Brasília / DF - For the first time, a federal government social program is scientifically followed step by step. Administered by the Ministry of Citizenship, the Criança Feliz program is subject to a continuous monitoring and evaluation process, with a focus on improving results. On Tuesday (4), the portfolio announced the carrying out of an Impact Assessment, a pioneering initiative that measures the effects of the program on the life of the assisted child, also taking into account the family and the context of life.
More than 3,000 children are being accompanied by visits by researchers, who record the development of children divided into two groups: those who are monitored by the program and those who are not. The survey is carried out in 30 municipalities in six Brazilian states: Pará, Ceará, Pernambuco, Bahia, Goiás and São Paulo. The study is expected to be completed in 2022.
The Minister of Citizenship, Osmar Terra, stressed that public policies must be built with scientific bases, guaranteeing the effectiveness of the measures and avoiding the waste of public money. “It is necessary to build public policies based on evidence, avoiding the waste of public money. Previous governments have spent a lot on programs that have failed precisely because they do not have science, because they govern with a closed mind,” he says.
Responsible for the National Secretariat for the Promotion of Human Development of the Ministry of Citizenship, child development specialist Ely Harasawa reinforces that research is essential to measure the impact of the program on the lives of millions of Brazilians in situations of social vulnerability. “It is essential that such a large program, which has grown so fast, maintains quality. We need to ask if we are reaching our goals, benefiting families, and the best way to measure this is through impact assessment,” he observes.
The research coordinator, professor emeritus of Epidemiology at the Federal University of Pelotas, Cesar Victora, has been working since 1970 in the areas of maternal and child health, health inequalities and impact assessment of large-scale programs. According to him, invitations to analyze ongoing programs are rare. “It is not common for invitations to accompany a program since its conception. Generally, agencies come to us when they are sure of the success of the program, so as not to take risks. In the opposite direction, Minister Osmar Terra came to me at the beginning of Criança Feliz, and we accepted this challenge together,” he explains.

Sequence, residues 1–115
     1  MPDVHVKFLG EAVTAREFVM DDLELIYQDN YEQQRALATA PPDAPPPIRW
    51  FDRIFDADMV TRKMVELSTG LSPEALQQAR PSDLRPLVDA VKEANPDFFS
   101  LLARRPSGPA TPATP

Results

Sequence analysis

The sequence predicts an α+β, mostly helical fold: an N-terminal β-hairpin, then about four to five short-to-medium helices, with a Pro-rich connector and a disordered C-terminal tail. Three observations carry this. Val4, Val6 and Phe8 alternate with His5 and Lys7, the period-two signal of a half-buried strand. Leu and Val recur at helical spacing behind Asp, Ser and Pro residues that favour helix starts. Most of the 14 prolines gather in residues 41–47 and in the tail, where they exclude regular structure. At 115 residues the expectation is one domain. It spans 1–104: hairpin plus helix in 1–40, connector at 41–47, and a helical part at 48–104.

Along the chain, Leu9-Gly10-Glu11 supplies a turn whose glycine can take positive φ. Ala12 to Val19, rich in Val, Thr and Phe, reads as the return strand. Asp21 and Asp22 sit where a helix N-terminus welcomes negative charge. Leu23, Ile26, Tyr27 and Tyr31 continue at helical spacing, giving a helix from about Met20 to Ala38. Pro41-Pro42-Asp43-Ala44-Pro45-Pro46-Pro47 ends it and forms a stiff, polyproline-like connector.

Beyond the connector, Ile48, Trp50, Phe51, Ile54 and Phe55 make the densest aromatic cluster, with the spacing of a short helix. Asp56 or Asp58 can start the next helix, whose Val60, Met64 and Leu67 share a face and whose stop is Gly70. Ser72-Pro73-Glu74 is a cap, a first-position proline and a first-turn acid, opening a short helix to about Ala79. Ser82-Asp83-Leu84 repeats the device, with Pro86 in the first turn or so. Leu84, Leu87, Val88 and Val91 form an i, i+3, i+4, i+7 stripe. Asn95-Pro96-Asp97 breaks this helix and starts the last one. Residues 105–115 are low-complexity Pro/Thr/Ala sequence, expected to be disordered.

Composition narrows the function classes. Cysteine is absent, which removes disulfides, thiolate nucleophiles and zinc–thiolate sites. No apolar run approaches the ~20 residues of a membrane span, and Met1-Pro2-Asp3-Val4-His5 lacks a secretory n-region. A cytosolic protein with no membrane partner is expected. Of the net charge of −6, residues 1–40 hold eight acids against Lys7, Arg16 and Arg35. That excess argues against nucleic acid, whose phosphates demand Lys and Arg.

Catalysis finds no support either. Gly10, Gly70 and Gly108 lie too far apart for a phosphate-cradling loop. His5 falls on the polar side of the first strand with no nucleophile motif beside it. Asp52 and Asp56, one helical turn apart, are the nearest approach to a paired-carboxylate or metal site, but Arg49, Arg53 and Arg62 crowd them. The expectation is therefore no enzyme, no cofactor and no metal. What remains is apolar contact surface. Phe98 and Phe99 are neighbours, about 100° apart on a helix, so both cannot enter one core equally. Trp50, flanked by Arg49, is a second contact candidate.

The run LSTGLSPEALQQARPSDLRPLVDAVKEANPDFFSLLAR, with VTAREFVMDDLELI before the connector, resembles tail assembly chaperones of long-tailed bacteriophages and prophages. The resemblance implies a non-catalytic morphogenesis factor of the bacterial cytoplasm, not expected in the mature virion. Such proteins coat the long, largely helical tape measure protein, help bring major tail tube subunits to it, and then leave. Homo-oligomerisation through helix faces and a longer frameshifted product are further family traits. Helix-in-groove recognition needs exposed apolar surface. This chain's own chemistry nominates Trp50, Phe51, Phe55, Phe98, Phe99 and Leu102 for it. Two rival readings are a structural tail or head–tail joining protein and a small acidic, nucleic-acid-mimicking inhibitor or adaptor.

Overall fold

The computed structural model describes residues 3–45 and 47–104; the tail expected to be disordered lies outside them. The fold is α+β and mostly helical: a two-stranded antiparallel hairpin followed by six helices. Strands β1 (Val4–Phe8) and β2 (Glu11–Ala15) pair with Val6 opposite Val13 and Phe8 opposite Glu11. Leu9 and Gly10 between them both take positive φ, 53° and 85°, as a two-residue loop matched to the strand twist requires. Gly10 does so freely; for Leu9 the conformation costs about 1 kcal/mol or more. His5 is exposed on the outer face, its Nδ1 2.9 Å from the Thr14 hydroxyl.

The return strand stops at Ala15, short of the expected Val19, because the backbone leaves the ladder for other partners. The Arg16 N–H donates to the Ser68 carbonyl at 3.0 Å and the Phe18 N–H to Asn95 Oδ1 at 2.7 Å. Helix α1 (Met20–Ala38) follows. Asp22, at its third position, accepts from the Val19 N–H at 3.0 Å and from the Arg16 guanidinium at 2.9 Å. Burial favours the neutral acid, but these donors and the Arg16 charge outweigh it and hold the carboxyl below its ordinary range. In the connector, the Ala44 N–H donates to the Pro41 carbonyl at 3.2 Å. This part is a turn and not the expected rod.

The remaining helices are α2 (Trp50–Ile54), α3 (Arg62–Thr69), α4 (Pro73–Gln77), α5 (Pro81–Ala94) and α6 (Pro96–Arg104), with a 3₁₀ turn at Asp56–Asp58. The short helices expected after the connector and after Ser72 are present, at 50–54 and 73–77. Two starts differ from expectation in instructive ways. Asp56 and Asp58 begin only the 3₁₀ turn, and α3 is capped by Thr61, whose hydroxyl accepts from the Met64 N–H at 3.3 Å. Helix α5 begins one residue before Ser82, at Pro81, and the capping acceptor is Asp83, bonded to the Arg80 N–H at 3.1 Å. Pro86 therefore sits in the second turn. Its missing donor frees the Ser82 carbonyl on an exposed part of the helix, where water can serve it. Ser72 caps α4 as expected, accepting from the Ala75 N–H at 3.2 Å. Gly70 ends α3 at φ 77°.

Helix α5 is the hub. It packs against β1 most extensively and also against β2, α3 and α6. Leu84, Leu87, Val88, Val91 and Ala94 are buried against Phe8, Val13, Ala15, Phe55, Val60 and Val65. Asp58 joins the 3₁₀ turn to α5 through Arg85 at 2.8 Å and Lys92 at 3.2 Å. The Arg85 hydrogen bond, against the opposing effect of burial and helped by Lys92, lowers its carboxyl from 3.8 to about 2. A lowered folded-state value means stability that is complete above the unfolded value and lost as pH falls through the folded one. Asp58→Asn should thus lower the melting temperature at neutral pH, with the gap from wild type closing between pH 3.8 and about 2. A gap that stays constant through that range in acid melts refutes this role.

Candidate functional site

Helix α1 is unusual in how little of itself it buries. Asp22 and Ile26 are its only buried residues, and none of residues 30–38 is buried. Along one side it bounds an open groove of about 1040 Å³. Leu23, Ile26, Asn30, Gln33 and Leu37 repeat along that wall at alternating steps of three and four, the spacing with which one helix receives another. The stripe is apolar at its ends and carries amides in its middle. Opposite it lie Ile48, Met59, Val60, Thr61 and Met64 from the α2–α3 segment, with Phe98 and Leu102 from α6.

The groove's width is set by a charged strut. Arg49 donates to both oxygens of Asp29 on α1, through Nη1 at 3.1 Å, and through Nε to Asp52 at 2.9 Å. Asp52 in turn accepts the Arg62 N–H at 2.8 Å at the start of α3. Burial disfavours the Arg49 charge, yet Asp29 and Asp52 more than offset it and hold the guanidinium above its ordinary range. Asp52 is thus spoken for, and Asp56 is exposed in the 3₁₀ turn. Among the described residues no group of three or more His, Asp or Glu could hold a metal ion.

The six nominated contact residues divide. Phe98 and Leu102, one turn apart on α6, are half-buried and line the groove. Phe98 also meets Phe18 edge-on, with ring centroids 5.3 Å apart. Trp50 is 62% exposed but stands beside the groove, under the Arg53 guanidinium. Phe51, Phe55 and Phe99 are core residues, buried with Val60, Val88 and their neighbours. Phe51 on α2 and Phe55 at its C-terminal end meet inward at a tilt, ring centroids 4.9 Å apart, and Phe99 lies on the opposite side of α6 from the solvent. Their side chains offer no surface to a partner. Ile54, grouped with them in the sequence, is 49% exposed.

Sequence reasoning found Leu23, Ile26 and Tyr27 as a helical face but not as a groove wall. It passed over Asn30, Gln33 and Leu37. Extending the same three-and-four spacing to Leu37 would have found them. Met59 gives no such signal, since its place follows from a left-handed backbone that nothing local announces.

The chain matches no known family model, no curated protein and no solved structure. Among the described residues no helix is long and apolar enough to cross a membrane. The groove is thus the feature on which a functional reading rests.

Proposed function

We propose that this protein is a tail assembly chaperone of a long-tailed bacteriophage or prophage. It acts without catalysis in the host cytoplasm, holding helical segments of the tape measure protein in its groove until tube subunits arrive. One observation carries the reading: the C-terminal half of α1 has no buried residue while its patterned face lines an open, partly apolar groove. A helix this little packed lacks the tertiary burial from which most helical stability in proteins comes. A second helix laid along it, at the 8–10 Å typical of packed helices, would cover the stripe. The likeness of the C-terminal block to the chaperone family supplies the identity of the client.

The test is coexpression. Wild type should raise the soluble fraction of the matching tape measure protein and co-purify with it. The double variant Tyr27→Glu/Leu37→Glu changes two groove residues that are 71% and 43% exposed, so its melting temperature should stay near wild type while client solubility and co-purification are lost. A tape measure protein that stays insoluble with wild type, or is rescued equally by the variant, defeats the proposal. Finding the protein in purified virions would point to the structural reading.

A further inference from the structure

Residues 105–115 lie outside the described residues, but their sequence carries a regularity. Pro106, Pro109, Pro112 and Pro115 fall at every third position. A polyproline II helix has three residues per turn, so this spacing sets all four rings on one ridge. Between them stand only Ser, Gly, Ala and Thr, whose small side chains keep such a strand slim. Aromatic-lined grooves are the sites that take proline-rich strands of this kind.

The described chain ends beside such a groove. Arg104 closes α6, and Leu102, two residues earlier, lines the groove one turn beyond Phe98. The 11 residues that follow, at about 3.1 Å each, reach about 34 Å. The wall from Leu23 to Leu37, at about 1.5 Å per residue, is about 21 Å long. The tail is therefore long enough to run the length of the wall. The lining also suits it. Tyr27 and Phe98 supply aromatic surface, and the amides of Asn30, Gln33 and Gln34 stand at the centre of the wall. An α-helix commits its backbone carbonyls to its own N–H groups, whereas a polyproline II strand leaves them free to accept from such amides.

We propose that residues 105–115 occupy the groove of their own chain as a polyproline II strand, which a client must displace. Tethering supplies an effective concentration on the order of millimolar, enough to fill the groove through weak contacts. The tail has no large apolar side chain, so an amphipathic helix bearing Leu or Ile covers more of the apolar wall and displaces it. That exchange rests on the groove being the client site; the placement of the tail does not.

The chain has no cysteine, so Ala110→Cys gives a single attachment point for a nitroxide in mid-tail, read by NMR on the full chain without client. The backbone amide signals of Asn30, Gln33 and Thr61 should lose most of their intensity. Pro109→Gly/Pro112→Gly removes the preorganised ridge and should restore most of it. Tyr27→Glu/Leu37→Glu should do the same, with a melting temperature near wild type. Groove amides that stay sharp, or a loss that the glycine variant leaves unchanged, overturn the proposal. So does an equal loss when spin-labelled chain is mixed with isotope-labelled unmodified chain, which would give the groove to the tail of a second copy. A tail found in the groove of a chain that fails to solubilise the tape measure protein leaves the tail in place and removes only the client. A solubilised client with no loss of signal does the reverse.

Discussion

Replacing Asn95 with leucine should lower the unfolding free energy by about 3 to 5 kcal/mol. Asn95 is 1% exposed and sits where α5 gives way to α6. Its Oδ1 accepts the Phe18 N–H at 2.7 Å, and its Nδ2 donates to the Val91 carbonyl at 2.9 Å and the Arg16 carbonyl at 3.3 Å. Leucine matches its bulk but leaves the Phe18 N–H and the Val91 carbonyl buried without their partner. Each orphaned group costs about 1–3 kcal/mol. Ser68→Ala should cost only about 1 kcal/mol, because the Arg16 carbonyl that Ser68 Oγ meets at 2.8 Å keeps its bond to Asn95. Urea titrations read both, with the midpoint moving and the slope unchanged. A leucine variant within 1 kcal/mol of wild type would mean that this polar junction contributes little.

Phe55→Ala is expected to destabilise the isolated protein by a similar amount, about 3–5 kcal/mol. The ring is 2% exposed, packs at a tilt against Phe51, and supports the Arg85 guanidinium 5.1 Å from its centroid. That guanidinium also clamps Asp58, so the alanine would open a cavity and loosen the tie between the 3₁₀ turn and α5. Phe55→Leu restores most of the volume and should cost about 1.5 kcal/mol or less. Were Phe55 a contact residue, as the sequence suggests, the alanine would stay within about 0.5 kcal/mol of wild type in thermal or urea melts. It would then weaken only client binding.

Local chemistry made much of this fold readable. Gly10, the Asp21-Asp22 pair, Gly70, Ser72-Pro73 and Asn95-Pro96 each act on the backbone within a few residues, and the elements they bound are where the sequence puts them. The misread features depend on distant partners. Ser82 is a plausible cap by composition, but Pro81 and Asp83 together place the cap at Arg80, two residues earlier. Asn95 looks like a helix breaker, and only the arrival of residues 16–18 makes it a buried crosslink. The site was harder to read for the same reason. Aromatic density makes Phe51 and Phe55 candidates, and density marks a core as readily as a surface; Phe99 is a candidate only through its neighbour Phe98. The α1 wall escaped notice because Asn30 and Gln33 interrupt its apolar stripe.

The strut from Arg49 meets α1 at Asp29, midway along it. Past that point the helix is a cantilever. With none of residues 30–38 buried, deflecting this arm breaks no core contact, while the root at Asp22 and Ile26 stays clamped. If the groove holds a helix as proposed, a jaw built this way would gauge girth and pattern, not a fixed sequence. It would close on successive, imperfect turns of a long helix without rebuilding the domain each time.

Victora indicates the importance of early monitoring of public policies. “Observing the Happy Child, we can accurately assess the impacts of the program and the development of the children served. This trajectory, starting before the program and going until after it, allows us to collect very important data,” he ponders.
For the secretary of Evaluation and Information Management of the Ministry of Citizenship, Vinícius Botelho, the research meets the mission of the portfolio. “We are committed to producing scientific evidence to support the Ministry's developed projects. The data that is being collected in this research will help to reduce inequality, violence, and will serve as an inspiration for public policies in various parts of the world,” he points out.
Also participating in the announcement event were the United Nations (UN) Resident Coordinator in Brazil, Niky Fabiancic; the special secretary for Social Development of the Ministry of Citizenship, Lelo Coimbra; the CEO of the Maria Cecília Souto Vidigal Foundation, Mariana Luz; and the superintendent of Itaú Social, Ângela Dannemann.
The Happy Child promotes adequate development in early childhood, integrating actions in the areas of health, social assistance, education, justice, culture and human rights. Currently, 23 thousand trained professionals provide guidance on the development of children up to three years of age included in the Federal Government's Single Registry for Social Programs, and up to six years of age who receive the Continuous Benefit Benefit (BPC) or who are away from their families for precautionary measures.
In a pioneering initiative, the largest home visitation program for child development in the world will receive improvements based on scientific monitoring.
Original article can be found on Ministry of Citizenship here